For National Provider Appreciation Day we wanted to send a BIG thank you to the facilities that allow us to provide our patients the means to achieve- day by day, by day by day. We can’t thank you enough and we appreciate all that you do! #NationalProviderAppreciationDay
We wanted to take a moment and snap a shot of two new SLP’s here at Sfs. Make sure to introduce yourself to pediatric specialist (and world traveler) Miss M and deaf and heard of hearing (fluent in american sign language) Clinician Miss Chelsey! They’re swimming for the sun in more ways than one by being open and volunteering their commitment. How are you swimming?
Our bilingual receptionist, Maybeth relays all messages in an immediate manner. You should feel confident your messages will make it to the proper party. Most likely before you’re even off the phone. Here’s a glimpse as she was in mid communication with a caller, relaying a message to one of our schedulers. There’s telling you we’ll “provide the means to achieve” and then there’s doing it. We’re #NotYourAverageClinic
Captured a Kodak moment of our Cleveland Clinic bound Clinicians as they made their way toward The Lou Ruvo Center for Brain Health yesterday. Sharing their insight and knowledge on the importance of swallowing and the common swallowing disorders people face that influence their health and well being. We’re not your average clinic, and Mr. B and Miss Allie are definitely NOT your average Clinicians! #ClevelandClinicReady #SwimmingForTheSunInMoreWaysThanOne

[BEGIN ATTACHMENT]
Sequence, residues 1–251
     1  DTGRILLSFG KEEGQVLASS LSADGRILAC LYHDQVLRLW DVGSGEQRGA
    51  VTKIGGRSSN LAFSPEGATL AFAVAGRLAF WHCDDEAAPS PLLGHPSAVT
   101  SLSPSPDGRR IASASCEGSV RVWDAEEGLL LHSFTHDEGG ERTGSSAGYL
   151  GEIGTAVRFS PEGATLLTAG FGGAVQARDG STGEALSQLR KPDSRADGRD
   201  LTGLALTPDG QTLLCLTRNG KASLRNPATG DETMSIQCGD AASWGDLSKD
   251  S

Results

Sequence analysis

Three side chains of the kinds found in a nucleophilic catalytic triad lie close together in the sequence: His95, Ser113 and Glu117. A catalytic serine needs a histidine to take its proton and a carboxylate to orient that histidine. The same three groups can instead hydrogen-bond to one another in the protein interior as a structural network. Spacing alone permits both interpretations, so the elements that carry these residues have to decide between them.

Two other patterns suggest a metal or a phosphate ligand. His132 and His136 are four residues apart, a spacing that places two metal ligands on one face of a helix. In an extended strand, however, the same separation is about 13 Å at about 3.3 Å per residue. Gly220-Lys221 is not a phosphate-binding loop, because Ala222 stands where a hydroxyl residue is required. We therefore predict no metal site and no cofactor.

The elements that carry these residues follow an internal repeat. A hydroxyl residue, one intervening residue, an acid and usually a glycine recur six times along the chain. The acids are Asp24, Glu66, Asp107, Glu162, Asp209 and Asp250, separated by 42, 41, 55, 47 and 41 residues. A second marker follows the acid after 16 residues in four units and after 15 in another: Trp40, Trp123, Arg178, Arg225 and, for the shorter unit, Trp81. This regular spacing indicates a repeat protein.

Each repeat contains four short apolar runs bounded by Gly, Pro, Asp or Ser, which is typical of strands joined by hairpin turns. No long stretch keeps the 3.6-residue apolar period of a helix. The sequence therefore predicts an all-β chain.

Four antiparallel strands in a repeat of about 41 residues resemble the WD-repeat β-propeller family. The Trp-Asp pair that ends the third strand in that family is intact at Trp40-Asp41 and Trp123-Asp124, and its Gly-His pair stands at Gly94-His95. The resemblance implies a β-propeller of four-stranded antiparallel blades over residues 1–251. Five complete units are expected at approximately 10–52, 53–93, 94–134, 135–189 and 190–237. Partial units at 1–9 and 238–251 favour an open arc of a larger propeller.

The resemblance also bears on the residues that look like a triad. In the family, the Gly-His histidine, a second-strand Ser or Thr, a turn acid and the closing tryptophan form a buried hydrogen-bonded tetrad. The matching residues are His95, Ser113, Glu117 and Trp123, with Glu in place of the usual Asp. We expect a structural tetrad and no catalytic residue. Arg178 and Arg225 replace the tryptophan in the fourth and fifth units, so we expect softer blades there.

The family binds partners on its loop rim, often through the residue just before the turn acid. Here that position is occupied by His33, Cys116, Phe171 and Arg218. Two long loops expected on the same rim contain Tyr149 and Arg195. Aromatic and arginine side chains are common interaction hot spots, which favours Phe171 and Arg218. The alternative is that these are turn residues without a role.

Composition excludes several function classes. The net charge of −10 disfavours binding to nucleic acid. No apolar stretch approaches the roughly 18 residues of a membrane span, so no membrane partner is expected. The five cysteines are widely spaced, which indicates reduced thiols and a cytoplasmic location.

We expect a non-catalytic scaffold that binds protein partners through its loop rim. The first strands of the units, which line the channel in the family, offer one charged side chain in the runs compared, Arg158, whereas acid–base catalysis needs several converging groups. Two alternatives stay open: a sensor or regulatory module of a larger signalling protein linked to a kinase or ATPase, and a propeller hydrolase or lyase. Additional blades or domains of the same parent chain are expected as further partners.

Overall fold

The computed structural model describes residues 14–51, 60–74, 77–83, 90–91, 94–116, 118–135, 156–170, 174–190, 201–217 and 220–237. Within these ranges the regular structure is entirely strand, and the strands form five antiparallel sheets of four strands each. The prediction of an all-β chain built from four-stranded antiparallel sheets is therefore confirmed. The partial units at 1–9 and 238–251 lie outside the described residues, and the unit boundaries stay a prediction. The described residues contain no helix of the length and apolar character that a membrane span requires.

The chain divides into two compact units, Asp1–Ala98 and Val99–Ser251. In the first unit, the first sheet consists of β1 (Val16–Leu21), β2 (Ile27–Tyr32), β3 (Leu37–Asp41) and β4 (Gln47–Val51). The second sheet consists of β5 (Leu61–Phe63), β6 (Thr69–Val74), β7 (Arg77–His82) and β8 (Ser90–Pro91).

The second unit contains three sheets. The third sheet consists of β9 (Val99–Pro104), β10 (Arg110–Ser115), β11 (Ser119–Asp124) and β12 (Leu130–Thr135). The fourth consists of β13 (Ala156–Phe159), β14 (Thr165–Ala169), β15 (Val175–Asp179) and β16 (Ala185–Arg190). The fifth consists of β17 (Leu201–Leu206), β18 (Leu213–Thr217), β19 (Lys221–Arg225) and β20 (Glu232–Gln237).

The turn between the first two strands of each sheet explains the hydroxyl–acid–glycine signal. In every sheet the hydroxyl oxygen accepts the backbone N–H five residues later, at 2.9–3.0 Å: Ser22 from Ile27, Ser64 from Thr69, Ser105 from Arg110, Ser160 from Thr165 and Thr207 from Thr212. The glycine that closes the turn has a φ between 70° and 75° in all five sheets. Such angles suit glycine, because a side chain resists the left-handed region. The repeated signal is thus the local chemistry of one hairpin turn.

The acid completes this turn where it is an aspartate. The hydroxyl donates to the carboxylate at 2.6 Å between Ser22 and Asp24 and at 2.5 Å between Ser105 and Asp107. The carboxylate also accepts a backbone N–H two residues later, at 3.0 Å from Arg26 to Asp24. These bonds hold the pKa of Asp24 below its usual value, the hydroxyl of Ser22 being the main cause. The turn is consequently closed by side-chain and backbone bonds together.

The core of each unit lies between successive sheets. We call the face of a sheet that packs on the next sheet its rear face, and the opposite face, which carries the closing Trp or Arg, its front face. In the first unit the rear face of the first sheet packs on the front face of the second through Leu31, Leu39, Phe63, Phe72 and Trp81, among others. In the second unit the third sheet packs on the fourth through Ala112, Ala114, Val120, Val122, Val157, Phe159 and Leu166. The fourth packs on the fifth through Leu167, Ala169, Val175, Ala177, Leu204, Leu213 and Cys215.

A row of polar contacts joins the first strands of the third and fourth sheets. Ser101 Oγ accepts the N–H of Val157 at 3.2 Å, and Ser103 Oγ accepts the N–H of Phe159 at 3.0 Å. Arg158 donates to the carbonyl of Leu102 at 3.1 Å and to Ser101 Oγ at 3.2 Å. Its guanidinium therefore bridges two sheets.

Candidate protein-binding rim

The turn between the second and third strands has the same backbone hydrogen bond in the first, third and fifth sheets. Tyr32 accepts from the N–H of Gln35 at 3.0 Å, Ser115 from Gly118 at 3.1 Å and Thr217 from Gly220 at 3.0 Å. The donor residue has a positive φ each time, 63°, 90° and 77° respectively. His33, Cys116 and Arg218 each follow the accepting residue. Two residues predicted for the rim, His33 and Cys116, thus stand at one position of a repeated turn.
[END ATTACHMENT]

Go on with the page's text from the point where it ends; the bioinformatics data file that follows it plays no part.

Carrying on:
Today is “National “Drink through a Straw Day”. To some, this may be a fun-filled day to showcase your undying love for that strawberry piña colada. But, to us here at Sfs Therapies, this day has an entirely different meaning. For many who have a feeding or swallowing disorder, use of a straw could be a way of life. Following a stroke, brain tumor or injury, the muscles of the lips and mouth may be weak, requiring a straw to drink. Elders diagnosed with dementia may find drinking with a straw to be easier, as it gives them more control over the liquid. Children diagnosed with Down Syndrome or Cerebral Palsy can use straws to improve the strength and movement in their lips and tongue. So, before you take drinking through a straw for granted, remember those who can’t live without it.